Academic journal article Bulletin of the World Health Organization

Efficacy of Oral Azithromycin versus Topical Tetracycline in Mass Treatment of Endemic Trachoma

Academic journal article Bulletin of the World Health Organization

Efficacy of Oral Azithromycin versus Topical Tetracycline in Mass Treatment of Endemic Trachoma

Article excerpt

Voit page 639 le resume en francais. En la pagina 639 figura un resumen en espanol.


Trachoma is caused by the recurrent, chronic infection of the eye with Chlamydia trachomatis serotypes A, B, Ba or C, and progresses from inflammation to conjunctival scarring, lid deformities, corneal abrasion and visual impairment. It is the most common infectious cause of blindness, and is responsible for an estimated 15% of global blindness (1). Active trachoma affects an estimated 150 million people (2), and about 5.5 million are blind as a consequence of the disease. Blinding trachoma mainly occurs in rural, resource-poor areas of Africa and Asia (for a review of risk factors see Mabey et al. (3)). The importance of within-household transmission is supported by epidemiological observations (4, 5) and by serotyping and genotyping results (6-8).

International efforts to control the disease are based on the SAFE strategy which combines Surgery, Antibiotics, Facial cleanliness and Environmental improvement. The Global Elimination of Trachoma as a disease of public health importance by 2020 (GET 2020) is currently the overall goal in trachoma control efforts (9). Active trachoma is routinely treated with tetracycline eye ointment applied daily for 6 weeks. However, topical treatment is not practical for mass treatment since the ointment is difficult and uncomfortable to apply, it blurs the vision, and it must be performed daily over an extended period of time.

Systemic antibiotics tested in randomized controlled trials have shown some efficacy against active trachoma but carried a high risk of adverse side-effects. Treatment with sulfonamides (trisulfapyrimidine (10) and sulfamethoxypyridazine (11) given over 3 weeks, and sulfadimethoxine (12) administered over 5 months), which were evaluated in the 1960s, all have the major drawback of causing systemic complications. The subsequently tested oral tetracyclines, doxycycline (13, 14) and minocycline (15), administered for periods up to 1 year, may cause adverse effects in children and fetuses. Under field conditions the cost of delivery of intensive, supervised topical or multidose oral therapy to rural populations is prohibitive.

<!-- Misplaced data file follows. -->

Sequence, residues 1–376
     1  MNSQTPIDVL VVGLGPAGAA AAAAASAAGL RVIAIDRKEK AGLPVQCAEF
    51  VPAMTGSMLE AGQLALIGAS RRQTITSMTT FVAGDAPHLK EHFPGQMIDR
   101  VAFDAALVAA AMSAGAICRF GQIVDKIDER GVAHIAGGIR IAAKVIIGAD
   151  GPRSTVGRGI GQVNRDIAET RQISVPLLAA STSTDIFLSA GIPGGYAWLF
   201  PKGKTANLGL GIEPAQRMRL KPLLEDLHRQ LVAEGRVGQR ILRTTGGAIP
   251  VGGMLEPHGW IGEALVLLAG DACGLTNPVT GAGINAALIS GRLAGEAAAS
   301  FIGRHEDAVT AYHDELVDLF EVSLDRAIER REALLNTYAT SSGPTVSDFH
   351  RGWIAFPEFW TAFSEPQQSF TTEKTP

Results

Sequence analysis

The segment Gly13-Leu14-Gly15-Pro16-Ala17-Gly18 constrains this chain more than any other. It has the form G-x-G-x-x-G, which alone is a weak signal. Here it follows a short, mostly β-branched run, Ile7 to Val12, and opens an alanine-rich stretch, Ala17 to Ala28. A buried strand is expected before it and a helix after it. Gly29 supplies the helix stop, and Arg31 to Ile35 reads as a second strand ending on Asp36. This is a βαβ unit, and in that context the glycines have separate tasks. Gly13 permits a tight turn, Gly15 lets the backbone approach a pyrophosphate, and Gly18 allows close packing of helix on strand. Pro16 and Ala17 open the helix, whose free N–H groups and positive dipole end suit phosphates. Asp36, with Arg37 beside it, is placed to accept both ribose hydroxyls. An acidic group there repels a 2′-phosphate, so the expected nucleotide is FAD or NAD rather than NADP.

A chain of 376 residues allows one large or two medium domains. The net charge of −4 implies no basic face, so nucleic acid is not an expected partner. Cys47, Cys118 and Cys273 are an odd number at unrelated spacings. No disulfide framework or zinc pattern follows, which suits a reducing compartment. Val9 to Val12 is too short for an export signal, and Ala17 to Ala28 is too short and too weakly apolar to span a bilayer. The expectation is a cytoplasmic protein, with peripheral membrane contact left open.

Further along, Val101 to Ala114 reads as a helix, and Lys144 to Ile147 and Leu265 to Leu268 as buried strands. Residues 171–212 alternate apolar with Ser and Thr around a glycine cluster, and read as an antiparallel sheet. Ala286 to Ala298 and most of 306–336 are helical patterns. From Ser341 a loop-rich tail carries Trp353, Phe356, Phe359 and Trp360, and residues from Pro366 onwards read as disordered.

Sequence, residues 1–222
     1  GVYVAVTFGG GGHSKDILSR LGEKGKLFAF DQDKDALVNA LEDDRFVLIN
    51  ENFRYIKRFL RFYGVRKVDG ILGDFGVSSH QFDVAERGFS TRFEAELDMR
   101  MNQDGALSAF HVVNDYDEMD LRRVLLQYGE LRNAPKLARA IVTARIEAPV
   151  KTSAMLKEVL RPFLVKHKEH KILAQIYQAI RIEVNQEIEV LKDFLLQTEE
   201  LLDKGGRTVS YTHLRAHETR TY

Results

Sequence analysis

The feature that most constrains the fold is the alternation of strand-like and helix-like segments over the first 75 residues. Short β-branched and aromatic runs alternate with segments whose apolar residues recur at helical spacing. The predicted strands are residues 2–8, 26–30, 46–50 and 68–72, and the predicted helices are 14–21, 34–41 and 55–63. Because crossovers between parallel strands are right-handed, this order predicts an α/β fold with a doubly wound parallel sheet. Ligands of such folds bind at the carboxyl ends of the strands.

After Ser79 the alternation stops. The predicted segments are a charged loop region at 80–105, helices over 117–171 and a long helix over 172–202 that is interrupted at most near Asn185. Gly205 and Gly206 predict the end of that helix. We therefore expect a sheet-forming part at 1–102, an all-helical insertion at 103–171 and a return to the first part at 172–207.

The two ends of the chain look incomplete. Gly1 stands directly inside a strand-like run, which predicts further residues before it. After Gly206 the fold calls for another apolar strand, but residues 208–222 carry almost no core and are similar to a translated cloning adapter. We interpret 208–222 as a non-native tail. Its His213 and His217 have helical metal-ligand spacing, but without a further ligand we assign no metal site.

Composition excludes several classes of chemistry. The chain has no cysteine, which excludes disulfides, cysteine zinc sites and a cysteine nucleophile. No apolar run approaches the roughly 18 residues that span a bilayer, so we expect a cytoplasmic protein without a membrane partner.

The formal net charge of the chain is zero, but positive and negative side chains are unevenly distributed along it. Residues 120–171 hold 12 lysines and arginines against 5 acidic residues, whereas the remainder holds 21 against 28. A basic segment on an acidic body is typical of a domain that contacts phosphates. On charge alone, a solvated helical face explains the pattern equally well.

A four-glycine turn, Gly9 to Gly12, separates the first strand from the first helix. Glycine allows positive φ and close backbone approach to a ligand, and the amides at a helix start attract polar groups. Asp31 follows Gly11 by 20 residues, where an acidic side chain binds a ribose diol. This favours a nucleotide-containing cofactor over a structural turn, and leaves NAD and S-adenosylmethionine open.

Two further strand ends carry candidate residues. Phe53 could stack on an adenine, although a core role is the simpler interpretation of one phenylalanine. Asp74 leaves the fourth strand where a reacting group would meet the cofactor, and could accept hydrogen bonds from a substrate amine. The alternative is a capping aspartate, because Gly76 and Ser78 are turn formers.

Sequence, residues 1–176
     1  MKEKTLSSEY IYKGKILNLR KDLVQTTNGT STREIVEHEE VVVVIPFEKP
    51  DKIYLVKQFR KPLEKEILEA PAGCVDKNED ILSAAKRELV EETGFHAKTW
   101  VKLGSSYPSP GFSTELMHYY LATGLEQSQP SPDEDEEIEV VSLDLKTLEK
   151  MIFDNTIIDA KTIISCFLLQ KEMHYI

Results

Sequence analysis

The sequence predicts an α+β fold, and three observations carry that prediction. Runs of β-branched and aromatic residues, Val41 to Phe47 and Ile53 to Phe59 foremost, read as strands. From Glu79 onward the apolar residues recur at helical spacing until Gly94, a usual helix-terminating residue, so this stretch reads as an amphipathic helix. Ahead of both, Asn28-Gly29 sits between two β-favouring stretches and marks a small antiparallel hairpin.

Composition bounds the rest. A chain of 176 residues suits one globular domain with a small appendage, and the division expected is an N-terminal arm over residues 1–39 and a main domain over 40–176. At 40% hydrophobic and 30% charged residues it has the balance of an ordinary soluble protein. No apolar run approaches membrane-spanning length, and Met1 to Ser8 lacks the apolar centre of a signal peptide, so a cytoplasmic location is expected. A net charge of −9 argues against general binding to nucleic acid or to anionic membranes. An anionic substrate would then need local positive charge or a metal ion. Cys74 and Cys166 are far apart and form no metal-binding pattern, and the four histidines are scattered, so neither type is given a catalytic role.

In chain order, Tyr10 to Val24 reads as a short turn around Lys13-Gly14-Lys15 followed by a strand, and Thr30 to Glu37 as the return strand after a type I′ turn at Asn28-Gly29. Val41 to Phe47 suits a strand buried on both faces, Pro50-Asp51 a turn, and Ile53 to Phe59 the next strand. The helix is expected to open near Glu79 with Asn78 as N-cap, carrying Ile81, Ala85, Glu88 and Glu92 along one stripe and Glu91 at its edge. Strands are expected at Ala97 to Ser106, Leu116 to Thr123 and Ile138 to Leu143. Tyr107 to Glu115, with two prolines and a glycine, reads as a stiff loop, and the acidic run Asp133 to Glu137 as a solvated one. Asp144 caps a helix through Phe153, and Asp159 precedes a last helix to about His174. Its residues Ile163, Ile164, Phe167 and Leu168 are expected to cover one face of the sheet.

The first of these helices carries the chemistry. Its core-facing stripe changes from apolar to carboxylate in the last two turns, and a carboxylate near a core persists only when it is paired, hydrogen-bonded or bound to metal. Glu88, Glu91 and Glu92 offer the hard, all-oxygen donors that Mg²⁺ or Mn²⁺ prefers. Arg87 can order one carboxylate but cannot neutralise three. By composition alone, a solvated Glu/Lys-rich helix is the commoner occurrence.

Systemic azithromycin is highly effective as a single-dose therapy for genital C. trachomatis infection (9, 16), and appears to offer a novel alternative for trachoma control. It has a half-life in tissue of 23 days (17) and a good safety profile in all age groups. A trial in the Gambia established that a single dose of azithromycin (20 mg/kg) was as effective as six weeks of twice-daily topical tetracycline (18); but reinfection is common when only individual cases are treated, and 40% of subjects were reinfected 6 months after treatment. In a study on dosage schedules involving Egyptian children with active trachoma, Dawson et al. (19) found that the prevalence of both severe trachoma and C. trachomatis infection was similar after 1-6 doses of oral azithromycin or 30 days of topical tetracycline. Tabbara et al. (20) reported comparable efficacy with only a single dose of azithromycin.

There is some experience in mass or selective mass treatment using topical and oral compounds. Vertical control programmes in Saudi Arabia in the 1960s and late 1980s and in Tunisia in the 1980s combined topical mass treatment with hygiene promotion and eyelid surgery (9). Recent intervention studies in the United Republic of Tanzania assessed topical mass treatment and face washing (21). Tetracycline regimens have been shown to be effective primarily in highly exposed school-children (13). Resnikoff et al. (22) tested oral minocycline in selective mass treatment. Mass treatment has generally, in the absence of improvements in living standards, been accompanied by substantial treatment failures and a short-lived treatment response. The latest recommendation from WHO is that all children should be treated in communities where more than 20% of children show signs of active trachoma. …

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